He also studied the key components of team building and identified the pitfalls to becoming a contending team. During the mock expansion drafts held inside the Knights’ war room, Lugerner served as the expansion rules expert while monitoring the impact each pick would have on the salary cap.
The Knights exited the expansion draft with a roster that would go on to reach the Stanley Cup Final, cap space to weaponize and a war chest of assets.
Lugerner proudly noted that recently signed defenseman Daniil Chayka was drafted in the second round this summer with a pick that originally came from New Jersey for Nikita Gusev.
“So here we are five years later, we’re still bearing fruits from that,” Lugerner said. “My role, I always see myself as taking the long view because I want to make sure we keep showing up every year with a team that can contend for the Stanley Cup. Because if you stop showing up, you stop having a chance.”
Managing the cap
Since their inaugural season, the Knights have spent to the salary cap ceiling and beyond, with Lugerner crunching the numbers.
Along with managing the club’s day-to-day salary cap strategy, Lugerner, 35, handles player contract negotiations. That means it’s his duty to hammer out deals such as Mark Stone’s eight-year, $76 million extension in 2019, then fit that salary under the cap.
“You’re sometimes on an island because he’s dealing with an agent and we’re putting some pressure on him to get a deal done,” McPhee said. “It’s not an easy job.”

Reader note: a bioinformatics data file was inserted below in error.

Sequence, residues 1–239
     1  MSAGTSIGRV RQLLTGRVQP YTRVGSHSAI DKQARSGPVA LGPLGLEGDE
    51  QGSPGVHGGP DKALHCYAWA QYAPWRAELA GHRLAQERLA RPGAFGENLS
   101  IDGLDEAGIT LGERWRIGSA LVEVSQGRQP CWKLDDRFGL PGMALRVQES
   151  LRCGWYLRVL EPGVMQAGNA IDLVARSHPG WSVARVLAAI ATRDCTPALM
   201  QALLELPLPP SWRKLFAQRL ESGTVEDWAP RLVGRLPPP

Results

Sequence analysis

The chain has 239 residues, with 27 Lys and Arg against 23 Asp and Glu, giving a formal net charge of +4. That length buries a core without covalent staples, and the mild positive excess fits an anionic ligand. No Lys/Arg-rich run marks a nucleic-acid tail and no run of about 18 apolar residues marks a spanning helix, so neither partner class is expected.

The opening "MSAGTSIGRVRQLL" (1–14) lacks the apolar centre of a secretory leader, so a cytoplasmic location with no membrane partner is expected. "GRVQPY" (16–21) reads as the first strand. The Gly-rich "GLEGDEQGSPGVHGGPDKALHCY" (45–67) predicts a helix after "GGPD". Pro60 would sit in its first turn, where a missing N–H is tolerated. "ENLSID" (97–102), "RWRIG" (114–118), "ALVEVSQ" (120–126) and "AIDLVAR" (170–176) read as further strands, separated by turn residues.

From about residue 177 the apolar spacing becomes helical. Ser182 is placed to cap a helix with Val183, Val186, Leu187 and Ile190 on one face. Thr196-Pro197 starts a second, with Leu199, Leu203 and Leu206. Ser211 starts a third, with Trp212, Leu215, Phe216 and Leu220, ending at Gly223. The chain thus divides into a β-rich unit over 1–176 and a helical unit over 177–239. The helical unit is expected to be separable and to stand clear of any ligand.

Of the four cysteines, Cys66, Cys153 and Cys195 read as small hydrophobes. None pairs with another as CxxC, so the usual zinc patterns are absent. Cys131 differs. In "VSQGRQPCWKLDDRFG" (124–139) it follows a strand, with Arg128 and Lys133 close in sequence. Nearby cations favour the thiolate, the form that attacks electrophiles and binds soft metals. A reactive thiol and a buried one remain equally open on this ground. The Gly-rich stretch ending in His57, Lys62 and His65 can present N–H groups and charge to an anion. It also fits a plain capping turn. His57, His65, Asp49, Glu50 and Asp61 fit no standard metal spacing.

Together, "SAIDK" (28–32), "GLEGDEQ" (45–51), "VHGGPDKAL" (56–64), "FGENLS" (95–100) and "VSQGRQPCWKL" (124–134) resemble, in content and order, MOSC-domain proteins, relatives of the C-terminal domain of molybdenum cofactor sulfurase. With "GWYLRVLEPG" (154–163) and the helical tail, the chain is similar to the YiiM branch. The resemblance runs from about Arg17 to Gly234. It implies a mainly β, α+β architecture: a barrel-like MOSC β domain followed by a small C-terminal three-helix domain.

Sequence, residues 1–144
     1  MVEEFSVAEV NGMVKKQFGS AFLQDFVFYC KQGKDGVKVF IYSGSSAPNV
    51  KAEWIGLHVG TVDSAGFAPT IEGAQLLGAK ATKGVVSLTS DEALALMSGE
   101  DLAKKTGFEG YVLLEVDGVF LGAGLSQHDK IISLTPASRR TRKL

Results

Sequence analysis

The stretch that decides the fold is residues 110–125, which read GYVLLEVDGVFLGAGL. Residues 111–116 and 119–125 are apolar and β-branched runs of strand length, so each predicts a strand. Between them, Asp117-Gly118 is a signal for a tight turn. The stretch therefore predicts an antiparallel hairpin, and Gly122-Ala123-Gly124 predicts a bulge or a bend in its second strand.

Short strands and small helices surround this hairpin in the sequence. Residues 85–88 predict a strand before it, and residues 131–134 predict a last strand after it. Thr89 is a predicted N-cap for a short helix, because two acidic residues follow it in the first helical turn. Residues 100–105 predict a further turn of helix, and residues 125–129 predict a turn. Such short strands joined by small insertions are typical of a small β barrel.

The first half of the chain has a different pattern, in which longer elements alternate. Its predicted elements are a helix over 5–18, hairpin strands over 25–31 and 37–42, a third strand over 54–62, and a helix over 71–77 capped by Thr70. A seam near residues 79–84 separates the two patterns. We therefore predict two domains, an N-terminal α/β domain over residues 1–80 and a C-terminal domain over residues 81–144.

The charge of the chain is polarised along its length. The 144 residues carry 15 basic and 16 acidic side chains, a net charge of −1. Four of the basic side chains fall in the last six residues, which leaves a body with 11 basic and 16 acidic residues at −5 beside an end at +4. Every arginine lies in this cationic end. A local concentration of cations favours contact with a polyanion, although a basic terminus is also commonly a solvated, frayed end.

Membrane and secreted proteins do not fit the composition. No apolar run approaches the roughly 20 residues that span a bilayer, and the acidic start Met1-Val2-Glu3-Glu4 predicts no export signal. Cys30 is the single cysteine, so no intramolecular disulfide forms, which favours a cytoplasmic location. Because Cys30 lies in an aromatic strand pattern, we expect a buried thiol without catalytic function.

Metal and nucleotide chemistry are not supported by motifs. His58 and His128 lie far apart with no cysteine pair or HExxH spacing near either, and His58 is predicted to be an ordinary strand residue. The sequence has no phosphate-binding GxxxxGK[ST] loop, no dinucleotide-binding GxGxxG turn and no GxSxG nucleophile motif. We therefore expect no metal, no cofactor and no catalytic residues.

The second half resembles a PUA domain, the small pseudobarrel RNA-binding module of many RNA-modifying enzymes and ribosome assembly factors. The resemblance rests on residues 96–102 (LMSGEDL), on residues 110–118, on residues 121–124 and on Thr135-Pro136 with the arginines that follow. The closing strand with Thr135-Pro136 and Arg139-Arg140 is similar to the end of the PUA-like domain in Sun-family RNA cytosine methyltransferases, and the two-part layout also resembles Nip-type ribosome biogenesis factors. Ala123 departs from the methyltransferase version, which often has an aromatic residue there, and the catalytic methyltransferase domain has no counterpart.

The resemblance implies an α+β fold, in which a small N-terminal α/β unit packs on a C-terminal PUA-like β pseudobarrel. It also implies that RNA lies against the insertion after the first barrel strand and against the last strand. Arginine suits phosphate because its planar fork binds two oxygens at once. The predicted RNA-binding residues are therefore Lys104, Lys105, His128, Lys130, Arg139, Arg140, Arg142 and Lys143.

Lugerner helped execute the Knights’ salary cap strategy during the 2019-20 season when Nicolas Roy and others were shuttled back and forth to the American Hockey League as often as possible to accrue salary cap space.
That allowed the Knights to acquire goaltender Robin Lehner, and Lugerner figured out how much salary needed to be retained by Toronto for the deal to get done.
“It was to thousands of dollars within what we needed to make it work,” he said.
Last season, Lugerner jumped through more salary cap hoops to fit in Alex Pietrangelo’s seven-year, $61.6 million contract and $12 million worth of goaltenders.
He projected the Knights would have to make roster sacrifices in some games and went through the history of every team that dressed short in the salary cap era to help McPhee and McCrimmon make an informed decision.
“I think people really look up to the job Vegas and Andrew have done in navigating the salary cap,” Fishman said, “and not only on a day-to-day basis but on a year-to-year basis and doing contracts with some big-name players and how to fit that within the cap.”
Managing the salary cap this season doesn’t figure to be as complicated for Lugerner, with forward Alex Tuch ticketed for long-term injured reserve after offseason shoulder surgery.
But the Knights remain one of the league’s most aggressive teams and always have something brewing that will keep Lugerner on his toes.
“Andrew has pulled rabbits out of his hat,” McPhee said. “We tell him who we want, and he finds a way to make it happen. And to date, he’s made it all happen. We’ve done some real gymnastics with the salary cap, but it’s never going to be an obstacle for us.”